Why Mitt Romney will be a good president
Ten years ago, I walked into the White House press room and shocked the reporters there by announcing that later that summer, I would be leaving my job as counselor to the president to return to Texas. The decision was agonizingly difficult and purely personal. I believed in President George W. Bush, was committed to serving my country and loved my challenging job. But its constant demands did not allow me to be the engaged wife and mother, and I felt that was my foremost responsibility then.
But once you’ve worked in the White House, the challenges are never far from mind. Throughout this primary season, I’ve assessed the candidates. While many of my fellow Republicans understandably focus on which Republican is the best candidate to defeat President Barack Obama, I’ve looked through a different lens: Who is most capable of being a good president?
I’m interested in who has the judgment, temperament and ability to make the many difficult decisions that land on the desk of the president. I am mindful of an admonition a friend gave me when I arrived in Washington. “Don’t worry about easy decisions,” she said. “Those get made at the Cabinet agencies. Only the really hard ones come to the White House.”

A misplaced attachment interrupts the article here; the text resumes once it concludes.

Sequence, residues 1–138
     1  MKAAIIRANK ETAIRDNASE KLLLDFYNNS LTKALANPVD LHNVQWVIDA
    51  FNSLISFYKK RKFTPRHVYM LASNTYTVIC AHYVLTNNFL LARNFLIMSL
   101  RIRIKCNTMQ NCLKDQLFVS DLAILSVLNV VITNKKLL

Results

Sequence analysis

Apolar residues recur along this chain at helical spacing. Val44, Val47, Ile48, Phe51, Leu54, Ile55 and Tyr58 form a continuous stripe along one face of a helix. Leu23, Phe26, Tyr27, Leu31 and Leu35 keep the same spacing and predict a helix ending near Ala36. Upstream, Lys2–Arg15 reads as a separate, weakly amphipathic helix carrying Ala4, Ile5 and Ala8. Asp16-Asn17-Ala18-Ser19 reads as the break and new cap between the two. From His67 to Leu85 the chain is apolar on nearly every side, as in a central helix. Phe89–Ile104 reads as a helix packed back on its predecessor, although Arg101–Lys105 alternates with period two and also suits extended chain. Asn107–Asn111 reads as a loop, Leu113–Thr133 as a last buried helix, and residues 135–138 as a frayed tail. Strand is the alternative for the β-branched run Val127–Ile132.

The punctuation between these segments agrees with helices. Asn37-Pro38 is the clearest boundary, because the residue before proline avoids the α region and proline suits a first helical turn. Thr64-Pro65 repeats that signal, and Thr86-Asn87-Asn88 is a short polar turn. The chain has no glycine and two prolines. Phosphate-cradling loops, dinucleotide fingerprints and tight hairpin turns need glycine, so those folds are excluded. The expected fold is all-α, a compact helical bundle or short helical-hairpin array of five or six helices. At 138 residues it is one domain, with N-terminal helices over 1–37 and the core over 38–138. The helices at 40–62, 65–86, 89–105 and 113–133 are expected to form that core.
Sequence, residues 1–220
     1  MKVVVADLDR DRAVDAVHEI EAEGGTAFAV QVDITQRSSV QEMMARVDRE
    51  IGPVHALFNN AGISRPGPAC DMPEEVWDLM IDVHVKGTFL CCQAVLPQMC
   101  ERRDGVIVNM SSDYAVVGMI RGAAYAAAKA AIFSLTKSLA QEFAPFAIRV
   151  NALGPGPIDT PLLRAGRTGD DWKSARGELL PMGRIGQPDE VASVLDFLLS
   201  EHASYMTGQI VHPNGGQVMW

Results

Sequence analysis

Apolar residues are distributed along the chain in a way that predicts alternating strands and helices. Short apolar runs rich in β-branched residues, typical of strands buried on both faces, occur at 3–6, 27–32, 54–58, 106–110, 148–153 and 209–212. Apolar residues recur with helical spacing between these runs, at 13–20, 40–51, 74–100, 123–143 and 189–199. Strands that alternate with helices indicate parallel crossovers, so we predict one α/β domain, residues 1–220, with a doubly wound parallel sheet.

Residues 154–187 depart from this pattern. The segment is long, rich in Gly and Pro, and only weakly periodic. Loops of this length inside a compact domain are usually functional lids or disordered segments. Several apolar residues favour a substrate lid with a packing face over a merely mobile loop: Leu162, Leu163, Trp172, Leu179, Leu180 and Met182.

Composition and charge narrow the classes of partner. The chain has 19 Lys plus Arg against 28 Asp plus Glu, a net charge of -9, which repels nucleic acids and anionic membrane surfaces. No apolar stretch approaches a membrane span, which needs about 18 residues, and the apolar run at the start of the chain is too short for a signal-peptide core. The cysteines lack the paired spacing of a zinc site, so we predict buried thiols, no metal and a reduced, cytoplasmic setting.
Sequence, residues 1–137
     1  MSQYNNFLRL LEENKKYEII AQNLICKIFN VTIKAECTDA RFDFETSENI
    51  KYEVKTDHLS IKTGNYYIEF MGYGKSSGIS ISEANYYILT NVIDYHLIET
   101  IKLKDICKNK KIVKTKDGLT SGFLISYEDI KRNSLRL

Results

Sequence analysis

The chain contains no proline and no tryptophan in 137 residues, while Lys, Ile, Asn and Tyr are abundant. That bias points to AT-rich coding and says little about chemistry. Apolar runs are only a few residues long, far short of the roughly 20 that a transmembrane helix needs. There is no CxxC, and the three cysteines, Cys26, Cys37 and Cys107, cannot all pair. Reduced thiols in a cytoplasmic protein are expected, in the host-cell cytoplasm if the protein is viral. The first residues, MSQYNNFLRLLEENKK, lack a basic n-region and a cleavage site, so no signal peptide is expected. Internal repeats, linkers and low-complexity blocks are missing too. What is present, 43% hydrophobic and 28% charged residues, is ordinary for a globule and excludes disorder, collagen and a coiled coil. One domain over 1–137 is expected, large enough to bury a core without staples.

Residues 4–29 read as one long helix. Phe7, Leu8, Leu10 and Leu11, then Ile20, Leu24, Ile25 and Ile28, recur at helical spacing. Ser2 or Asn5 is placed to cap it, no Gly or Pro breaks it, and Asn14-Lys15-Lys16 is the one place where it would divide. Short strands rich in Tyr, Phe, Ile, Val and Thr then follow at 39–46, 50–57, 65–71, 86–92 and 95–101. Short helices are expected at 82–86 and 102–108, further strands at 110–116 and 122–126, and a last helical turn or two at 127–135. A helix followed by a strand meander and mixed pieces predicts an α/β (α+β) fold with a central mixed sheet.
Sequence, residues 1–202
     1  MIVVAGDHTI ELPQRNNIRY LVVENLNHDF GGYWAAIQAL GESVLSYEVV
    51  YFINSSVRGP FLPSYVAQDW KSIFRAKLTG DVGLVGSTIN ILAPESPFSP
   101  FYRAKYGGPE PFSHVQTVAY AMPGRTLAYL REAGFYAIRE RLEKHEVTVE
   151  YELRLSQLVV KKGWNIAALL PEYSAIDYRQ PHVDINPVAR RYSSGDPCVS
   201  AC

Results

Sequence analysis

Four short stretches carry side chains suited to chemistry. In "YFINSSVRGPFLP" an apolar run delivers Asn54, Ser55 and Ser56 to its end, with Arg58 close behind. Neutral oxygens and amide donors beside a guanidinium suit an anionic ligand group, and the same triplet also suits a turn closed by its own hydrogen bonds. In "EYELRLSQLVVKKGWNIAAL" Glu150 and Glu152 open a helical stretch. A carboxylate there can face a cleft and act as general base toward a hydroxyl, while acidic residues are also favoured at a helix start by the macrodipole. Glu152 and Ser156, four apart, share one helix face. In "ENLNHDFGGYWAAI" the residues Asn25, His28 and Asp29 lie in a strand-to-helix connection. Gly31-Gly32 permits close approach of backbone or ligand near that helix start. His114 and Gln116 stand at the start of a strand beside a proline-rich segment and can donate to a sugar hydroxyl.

Having seen the demands of the job as closely as anyone can without being the president, I’m convinced that Mitt Romney is not only the best Republican but also the best general election candidate to serve as president for four key reasons.
First, he has extensive experience making executive decisions. As governor of Massachusetts and in the private sector, Romney had to make tough choices affecting people’s jobs, lives and futures, preparing him for the world’s highest executive office. Obama is a legislator and it shows. Too often he sublets decision making to Congress, with the bad results we saw in the pork-infused trillion-dollar stimulus, the massive mess of the health care law and the regulatory...